Mary of Plymouth - James Otis

Farming in Plymouth

I wish you might have seen how different to that which is the custom in Scrooby, was our farming done on the first season after we came ashore from the Mayflower. Because of having no working cattle with which to plough, the men were forced to dig up the ground with spades, and weary labor it was. Those of our people who were well enough to remain in the field, planted nearly twenty-six acres, six of which were sown with barley and peas, while the remainder was given over to Indian corn.

Squanto showed us how this last should be done, and, strange as it may seem to you in England, he used fish with which to enrich the land, putting three small ones in each hill.

You must know that all of us children, and the women, work at the planting of this corn, for it is the only kind of food to be had which can be kept throughout the year without danger of being spoiled, and when one grows weary with the task, it is only needed to bring to mind our hunger when we first came ashore.

Perhaps you may wonder where we got so much of the corn for seed. It has all come from the Indians in one way or another. Some of it Squanto brought from Massasoit's people; but a goodly portion has been found on the graves, of which there are very many near our village.

[Illustration] from Mary of Plymouth by James Otis

As to planting barley and peas, Squanto knew nothing; therefore the work was done somewhat as it would have been done at home, except that the land was encumbered with rocks and trees, and we were much perplexed by lack of tools.

The seed was finally put into the ground, but even when the task had been performed to the best of our ability, it was an odd looking farm to those who had seen the fair fields of England. Large rocks stood here and there, while many stumps of trees yet remained, for our fathers had not been able to clear the land entirely. We shall have much work at harvest, in gathering the crops from amid all these unsightly things.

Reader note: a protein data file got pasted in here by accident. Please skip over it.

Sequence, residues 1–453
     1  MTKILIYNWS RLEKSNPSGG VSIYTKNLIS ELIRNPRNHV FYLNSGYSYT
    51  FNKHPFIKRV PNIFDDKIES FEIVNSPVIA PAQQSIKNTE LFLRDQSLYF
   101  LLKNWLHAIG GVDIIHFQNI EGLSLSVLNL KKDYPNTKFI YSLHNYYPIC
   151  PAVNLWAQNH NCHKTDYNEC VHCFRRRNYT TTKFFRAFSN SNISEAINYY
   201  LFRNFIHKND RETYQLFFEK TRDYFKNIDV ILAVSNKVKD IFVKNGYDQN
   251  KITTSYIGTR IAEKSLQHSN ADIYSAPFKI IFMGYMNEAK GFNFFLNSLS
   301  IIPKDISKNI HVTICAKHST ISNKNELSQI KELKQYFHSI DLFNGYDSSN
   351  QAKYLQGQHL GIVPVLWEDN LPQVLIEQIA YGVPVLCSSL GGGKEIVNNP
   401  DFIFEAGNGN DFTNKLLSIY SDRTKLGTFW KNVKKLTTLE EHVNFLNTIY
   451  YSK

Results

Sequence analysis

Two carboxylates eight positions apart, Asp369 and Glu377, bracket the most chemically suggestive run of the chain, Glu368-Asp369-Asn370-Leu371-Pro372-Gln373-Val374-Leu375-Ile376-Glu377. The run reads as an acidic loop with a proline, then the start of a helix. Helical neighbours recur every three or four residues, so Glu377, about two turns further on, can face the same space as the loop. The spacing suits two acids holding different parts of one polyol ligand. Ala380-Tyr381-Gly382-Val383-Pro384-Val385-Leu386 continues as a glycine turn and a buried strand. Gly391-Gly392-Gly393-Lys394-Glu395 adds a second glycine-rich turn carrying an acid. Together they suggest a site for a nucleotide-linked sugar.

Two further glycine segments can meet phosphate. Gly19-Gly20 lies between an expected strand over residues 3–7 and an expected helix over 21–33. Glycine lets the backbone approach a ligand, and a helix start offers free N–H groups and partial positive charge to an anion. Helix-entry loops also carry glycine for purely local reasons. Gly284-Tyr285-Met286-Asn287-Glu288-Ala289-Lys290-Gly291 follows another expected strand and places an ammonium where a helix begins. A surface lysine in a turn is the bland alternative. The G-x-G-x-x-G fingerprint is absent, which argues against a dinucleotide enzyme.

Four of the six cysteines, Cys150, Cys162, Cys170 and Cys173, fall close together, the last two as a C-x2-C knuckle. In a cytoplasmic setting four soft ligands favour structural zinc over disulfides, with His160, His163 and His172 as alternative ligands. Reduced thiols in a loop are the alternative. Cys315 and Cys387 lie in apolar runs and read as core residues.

Front Matter

Why This Story was Written
The Leaking Speedwell
Searching for a Home
After the Storm
Wash Day
Finding the Corn
Attacked by the Savages
Building Houses
Miles Standish
The Sick People
The New Home
Master White and the Wolf
Inside of the House
A Chimney Without Bricks
Building the Fire
Master Bradford's Chimney
Scarcity of Food
A Timely Gift
The First Savage Visitor
Squanto's Story
Living in the Wilderness
The Friendly Indians
Grinding the Corn
A Visit From Massasoit
Massasoit's Promise
Massasoit's Visit Returned
The Big House Burned
The Mayflower Leaves Port
Setting the Table
What and How we Eat
Table Rules
A Pilgrim Goes Abroad
Making a Dugout
Governor Carver's Death
Bradford Chosen Governor
Farming in Plymouth
Cooking Indian Corn
The Wedding
Making Maple Syrup
Decorating the House
Trapping Wolves and Pigeons
Elder Brewster
The Visit to Massasoit
Keeping the Sabbath Holy
Making Clapboards
Cooking Pumpkins
A New Oven
Making Spoons and Dishes
The Fort and Meeting-House
The Harvest Festival
How to Play Stoolball
On Christmas Day
When the Fortune Arrived
Possibility of Another Famine
On Short Allowance
A Threatening Message
Pine Knots and Candles
Tallow From Bushes
Wicks for the Candle
Dipping the Candles
When James Runs Away
Evil-Minded Indians
Long Hours of Preaching
John Alden's Tubs
English Visitors
Visiting the Neighbors
Why More Fish are not Taken
How Wampum is Made
Ministering to Massasoit
The Plot Thwarted
The Captain's Indian
Ballots of Corn
Arrival of the Ann
Little James Comes to Port
The New Meeting-House
The Church Service
The Tithingmen
Master Winslow Brings Cows
A Real Oven
Butter and Cheese
Settlement at Wessagussett
The Village at Merrymount
The First School
Too Much Smoke
Schools Comforts
How Children Were Punished
New Villages
Making Ready for a Journey
Clothing for Salem
Food for the Journey
Before Sailing for Salem
Beginning the Journey
The Arrival at Salem
Sight-Seeking in Salem
Back to Plymouth